• Train employees not to open attachments unless they are expecting them. Also, do not execute software that is downloaded from the Internet unless it has been scanned for viruses. Simply visiting a compromised Web site can cause infection if certain browser vulnerabilities are not patched.
  • If Bluetooth is not required for mobile devices, it should be turned off. If you require its use, ensure that the device's visibility is set to "Hidden" so that it cannot be scanned by other Bluetooth devices. If device pairing must be used, ensure that all devices are set to "Unauthorized", requiring authorization for each connection request. Do not accept applications that are unsigned or sent from unknown sources.
  • For further information on the terms used in this document, please refer to the Security Response glossary.

To remove this worm, delete files detected as VBS.vbswg2.C@mm, look for and delete files in the lists that follow, and undo the changes that the worm made to the registry.

To remove most of the worm files:
This will remove many--but not necessarily all--of the files that were dropped:
  1. Run LiveUpdate to make sure that you have the most recent virus definitions.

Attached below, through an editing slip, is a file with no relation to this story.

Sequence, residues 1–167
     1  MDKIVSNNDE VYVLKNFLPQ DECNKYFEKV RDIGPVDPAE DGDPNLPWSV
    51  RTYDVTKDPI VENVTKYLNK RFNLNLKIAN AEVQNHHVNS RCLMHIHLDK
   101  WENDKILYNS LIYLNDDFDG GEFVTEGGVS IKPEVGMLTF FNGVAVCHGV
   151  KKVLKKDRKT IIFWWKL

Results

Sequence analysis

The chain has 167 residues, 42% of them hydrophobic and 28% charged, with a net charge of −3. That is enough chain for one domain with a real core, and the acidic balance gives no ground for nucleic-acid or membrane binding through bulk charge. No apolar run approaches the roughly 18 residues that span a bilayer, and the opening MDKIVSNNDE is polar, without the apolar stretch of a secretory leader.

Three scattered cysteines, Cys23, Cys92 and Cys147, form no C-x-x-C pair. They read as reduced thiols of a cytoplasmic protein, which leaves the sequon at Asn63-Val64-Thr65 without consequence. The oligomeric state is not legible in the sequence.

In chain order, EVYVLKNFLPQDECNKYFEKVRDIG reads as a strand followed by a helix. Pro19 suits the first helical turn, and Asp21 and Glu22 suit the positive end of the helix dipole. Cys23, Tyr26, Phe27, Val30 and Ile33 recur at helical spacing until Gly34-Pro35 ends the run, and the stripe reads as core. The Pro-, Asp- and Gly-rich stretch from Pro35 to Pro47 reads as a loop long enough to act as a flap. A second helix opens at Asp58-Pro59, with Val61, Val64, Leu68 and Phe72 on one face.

2. Start Norton AntiVirus (NAV), and run a full system scan, making sure that NAV is set to scan all files.
  3. Delete any files detected as VBS.vbswg2.C@mm. (We suggest that you write down the file names of the files that you delete; this will make the removal process that is described in the next section somewhat easier.)

To delete files with Windows Explorer:
Using Windows Explorer, delete any of the files in the following list that were not deleted during the NAV scan.

C:\scandz.DII
C:\Msd32.dat
\Windows\jscode.dll
\Windows\e-card.js
\Windows\sexmovie.js
\Windows\pamela.js
\Windows\playboygirl.js
\Windows\passwords.js
\Windows\e-card.HTML
\Windows\sexmovielink.HTML